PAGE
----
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About River Restoration

Northwest Michigan is rich with high quality streams and lakes. However, excessive sand or sediment bedload is a main problem for many rivers in this region. Common sources of sand include historical logging practices, our transportation system, the construction and operation of dams, improper agricultural and livestock practices, development, excessive recreational use, and other mismanaged practices involving earthmoving within the riparian corridor and manipulation of stream flows. Extreme high water events are usually needed to flush accumulated sand from waterways that share the following characteristics: a sandy soil drainage, high groundwater input, stable water flows, and low gradient. The regionís rivers often support valuable ecological and economical resources including migratory trout and salmon populations that need clean gravel to reproduce and cool water temperatures to survive. Having too much sand threatens instream habitat by covering gravel beds used for spawning and aquatic insect attachment spots, and burying resting and feeding habitat. Sediment changes the shape of a stream channel and increases water temperature by filling deep holes, burying instream woody debris, and causing channels to become wide and shallow. A river or creek bottom that is solely comprised of sand resembles an underwater desert!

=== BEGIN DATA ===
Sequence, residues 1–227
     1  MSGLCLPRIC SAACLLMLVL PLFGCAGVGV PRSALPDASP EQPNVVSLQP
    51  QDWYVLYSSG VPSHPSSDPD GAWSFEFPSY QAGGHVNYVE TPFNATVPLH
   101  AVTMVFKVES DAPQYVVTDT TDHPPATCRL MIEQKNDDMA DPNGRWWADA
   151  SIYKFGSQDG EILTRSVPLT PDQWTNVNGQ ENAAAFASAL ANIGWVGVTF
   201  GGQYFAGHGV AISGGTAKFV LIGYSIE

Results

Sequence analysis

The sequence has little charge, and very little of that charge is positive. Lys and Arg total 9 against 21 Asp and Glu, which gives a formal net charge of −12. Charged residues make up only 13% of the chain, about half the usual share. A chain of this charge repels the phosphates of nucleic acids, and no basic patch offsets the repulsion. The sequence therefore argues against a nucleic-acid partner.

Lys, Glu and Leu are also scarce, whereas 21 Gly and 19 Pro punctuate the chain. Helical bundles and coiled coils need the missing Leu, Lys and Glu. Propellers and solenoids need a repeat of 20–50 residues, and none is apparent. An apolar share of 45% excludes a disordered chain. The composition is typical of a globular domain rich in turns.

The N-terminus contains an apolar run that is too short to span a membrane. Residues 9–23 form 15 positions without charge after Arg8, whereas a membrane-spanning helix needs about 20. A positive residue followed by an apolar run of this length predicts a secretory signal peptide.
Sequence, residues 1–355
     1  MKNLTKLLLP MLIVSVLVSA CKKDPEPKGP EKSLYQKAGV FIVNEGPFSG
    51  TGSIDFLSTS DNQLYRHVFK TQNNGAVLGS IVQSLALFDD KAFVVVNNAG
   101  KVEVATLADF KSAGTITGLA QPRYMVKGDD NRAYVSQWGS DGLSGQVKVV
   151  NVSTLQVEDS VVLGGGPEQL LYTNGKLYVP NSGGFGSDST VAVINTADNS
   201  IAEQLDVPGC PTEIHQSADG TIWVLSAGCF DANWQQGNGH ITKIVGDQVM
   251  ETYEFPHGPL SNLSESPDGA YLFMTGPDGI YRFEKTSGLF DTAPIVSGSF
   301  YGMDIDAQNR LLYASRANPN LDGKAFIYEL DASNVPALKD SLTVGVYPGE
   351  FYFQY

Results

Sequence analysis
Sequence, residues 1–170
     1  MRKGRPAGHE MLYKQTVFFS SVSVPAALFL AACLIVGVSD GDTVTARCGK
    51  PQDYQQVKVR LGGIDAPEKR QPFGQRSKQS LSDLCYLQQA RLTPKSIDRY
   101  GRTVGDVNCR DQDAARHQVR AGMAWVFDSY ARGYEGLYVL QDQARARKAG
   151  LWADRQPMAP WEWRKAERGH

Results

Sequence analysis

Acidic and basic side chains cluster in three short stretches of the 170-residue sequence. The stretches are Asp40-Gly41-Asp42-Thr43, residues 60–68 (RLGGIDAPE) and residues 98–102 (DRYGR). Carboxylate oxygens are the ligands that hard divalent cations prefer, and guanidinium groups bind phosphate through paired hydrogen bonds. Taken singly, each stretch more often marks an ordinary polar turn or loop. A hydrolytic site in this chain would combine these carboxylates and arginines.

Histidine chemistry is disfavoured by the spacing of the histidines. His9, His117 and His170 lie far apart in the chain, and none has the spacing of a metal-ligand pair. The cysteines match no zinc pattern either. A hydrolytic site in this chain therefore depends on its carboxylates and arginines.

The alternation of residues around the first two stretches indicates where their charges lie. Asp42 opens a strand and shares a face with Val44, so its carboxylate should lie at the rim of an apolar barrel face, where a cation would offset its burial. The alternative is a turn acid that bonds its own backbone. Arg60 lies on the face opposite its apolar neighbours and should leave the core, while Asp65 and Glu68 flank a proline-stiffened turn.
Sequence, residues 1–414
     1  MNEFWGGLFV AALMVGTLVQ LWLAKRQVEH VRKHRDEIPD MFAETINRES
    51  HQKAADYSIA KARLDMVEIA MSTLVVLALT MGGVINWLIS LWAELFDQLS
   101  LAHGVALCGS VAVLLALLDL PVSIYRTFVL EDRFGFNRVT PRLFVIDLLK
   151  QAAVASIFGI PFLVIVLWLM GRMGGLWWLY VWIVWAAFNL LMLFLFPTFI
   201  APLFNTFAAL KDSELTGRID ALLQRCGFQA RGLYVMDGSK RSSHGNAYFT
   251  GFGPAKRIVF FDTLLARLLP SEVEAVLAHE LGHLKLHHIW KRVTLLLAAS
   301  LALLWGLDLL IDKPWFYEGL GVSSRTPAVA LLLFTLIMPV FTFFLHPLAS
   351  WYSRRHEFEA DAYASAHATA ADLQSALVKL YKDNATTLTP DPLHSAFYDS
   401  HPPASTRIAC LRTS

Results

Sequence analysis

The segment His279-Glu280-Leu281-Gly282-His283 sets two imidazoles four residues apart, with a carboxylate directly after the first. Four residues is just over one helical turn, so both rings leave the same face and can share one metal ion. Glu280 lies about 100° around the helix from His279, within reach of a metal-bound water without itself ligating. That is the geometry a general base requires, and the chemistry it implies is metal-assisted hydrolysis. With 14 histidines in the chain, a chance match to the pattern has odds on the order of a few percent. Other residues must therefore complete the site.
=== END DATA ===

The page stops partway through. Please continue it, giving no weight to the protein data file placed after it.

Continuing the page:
Through this website we can track river restoration needs and accomplishments for listed watersheds in Northwest Michigan. Many accomplishments or projects involve completing Best Management Practices (BMPs) at problem sites. BMPs are effective, practical, structural or non-structural methods that reduce the movement of sediment, nutrients, chemicals and other pollutants from the land to groundwater and surface water. BMPs range from fieldstone placement, tree and shrub plantings, and terracing at eroding streambanks to pavement, diversion outlets, and culvert/bridge replacements at road/stream crossings.

This page last updated on 12/13/2011.